Melo’s future uncertain in Gotham
For all that’s made about the weakness of Melo’s supporting cast, what’s often forgotten is that Melo himself is partially to blame. The trade that brought Melo to the Garden was not one Denver wanted to make at the time. Anthony wanted out - the big market, the prodigal son back story, and the coup d’état the Miami Heat pulled in 2010 free agency were all factors in his decision. However, what cannot be overlooked is that the old collective bargaining agreement was expiring and Melo’s first priority was locking up a 3-year $65 million extension before salaries were scaled back in the current CBA. By forcing a trade in the middle of the season, Melo got shipped to a depleted Knick roster which was dispatched in the first round of playoffs with ease.
Had Anthony waited until free agency, he could have joined forces with the likes of Danilo Gallinari, Wilson Chandler, Raymond Felton (minus the roundabout to Portland), and a healthy Amare Stoudemire. The players dealt didn't pan out into all-stars, but there is no doubt the team was better with Anthony AND all the pieces they ended up using to acquire him. The Knicks could have also saved a pair of first round picks (2014 goes to Denver, 2016 Denver has right to swap). Simply put, had Melo signed as a free agent, the Knicks would have had a much easier path back to relevancy. It is a fair point that Anthony’s MVP-caliber performance in the 2012 season makes up for this in a way, but as the roster’s current flaws are exposed, the need for talent around Anthony is no more glaring than right now.
Then again, Anthony’s insistence on his extension isn’t the only thing handcuffing the franchise. By far the biggest hindrance to the Knicks’ progress is Amare Stoudemire. After multiple knee surgeries, STAT is a shadow of his former uber-athletic self and playing on a minute limit on a nightly basis. His gargantuan contract ($45 million over this season and the next) is the biggest obstacle to the Knicks adding talent around Anthony. At this point, the best thing Stoudemire can do is medically retire to give the Knicks some salary relief.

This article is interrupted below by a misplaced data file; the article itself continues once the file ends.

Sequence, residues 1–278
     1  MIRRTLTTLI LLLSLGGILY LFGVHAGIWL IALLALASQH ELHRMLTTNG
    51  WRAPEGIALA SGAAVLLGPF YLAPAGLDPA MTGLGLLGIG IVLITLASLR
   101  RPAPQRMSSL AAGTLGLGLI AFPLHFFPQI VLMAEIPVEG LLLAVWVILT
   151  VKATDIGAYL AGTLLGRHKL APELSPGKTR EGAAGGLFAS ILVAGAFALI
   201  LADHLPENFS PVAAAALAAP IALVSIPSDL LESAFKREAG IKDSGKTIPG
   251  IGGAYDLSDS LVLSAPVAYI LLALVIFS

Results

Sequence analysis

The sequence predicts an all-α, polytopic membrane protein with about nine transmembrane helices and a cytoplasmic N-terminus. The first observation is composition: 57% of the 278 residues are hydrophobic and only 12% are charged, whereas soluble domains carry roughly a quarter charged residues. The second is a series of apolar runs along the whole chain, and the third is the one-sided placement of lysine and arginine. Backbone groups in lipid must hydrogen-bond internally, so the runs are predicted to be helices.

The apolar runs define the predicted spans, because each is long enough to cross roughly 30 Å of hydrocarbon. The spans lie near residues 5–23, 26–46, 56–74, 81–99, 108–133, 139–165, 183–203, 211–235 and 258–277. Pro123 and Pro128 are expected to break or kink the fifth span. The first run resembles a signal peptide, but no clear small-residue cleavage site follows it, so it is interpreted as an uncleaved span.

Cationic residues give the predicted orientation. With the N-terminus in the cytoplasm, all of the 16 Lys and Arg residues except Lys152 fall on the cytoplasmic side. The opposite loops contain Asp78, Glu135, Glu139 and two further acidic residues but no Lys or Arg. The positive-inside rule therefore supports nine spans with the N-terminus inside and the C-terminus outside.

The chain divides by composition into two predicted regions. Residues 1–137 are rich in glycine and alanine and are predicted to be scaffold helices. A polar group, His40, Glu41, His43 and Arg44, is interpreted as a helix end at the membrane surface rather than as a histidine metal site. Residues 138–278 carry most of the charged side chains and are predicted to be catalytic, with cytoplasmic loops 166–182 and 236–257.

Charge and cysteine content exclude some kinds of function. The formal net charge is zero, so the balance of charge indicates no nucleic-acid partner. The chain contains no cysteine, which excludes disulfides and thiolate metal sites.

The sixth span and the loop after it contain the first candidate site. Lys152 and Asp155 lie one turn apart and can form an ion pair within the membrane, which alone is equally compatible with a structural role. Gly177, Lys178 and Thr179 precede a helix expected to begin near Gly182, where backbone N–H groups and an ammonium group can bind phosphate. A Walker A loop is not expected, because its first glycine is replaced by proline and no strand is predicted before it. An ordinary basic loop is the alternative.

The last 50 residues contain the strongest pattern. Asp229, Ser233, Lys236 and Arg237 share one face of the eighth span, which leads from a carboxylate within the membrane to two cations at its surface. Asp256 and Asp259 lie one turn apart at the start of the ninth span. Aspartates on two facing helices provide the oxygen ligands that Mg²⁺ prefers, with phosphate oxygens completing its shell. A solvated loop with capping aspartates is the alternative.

If Anthony is the face of the franchise, Tyson Chandler is its heart and soul. He is still weeks away from recovering fully from leg fracture; the Knicks have sorely missed his rim protection and tap-backs on defense as well as his pick and roll prowess on offense. As Raff5600 has noted, Anthony’s production has dipped significantly when he and Chandler’s replacement Andrea Bargnani have shared the floor. JR Smith looks lost on offense and trade rumors are visibly rattling Iman Shumpert on both ends of the floor. If the team cannot regroup, is Anthony bolting from the team he forced a trade to only 2 ½ seasons ago?
Stephen A. Smith thinks Melo is as good as gone. On November 20th, Smith stated on ESPN’s First Take, “Right now if you ask me Carmelo Anthony is GONE. He's going to LA to play with Kobe Bryant”. As always is the case with pro sports, a lot can change in a few days. With Kobe signing a fresh two year, $48 million contract today, the prospects of Melo and Bryant hoisting the O’Brien Trophy in LA are slim at best. To be able to sign Melo without the Knicks’ assistance in a sign-and-trade, the Lakers would have to let go of all free agents at the end of the year (including Pau Gasol) and get rid of Steve Nash’s deal. The result would be enough room to sign Anthony and mid-level free agent, but that’s it. The rest of the roster would be rounded out with the mini-mid-level exception and minimum deals. Sound like enough for a title to you? The relationship between Melo and Laker head coach Mike D’antoni is another huge issue. Rumors swirled after D’antoni resigned as Knick coach, some saying Melo demanded he be fired while others claiming D'antoni wanted to trade Melo for Deron Williams. The grass probably isn’t greener on the other side.
So what should Melo do? No one would blame him for feeling frustrated and exasperated with the Knicks’ start to the season. His teammates are struggling and the fans are losing hope. If I could share some words with Melo, I envision it being similar to the exchange between Alfred and Bruce Wayne in The Dark Knight when Wayne decides to stop being Batman in wake of the Joker’s violence. Wayne asks, “What would you have me do?” to which Alfred replies, “Endure, Master Wayne. Take it”. It’s a notion Knick fans are praying Anthony will accept. Otherwise, the final story between the Knicks and Melo will be the one told by Harvey Dent, “You either die a hero or live long enough to see yourself become the villain”.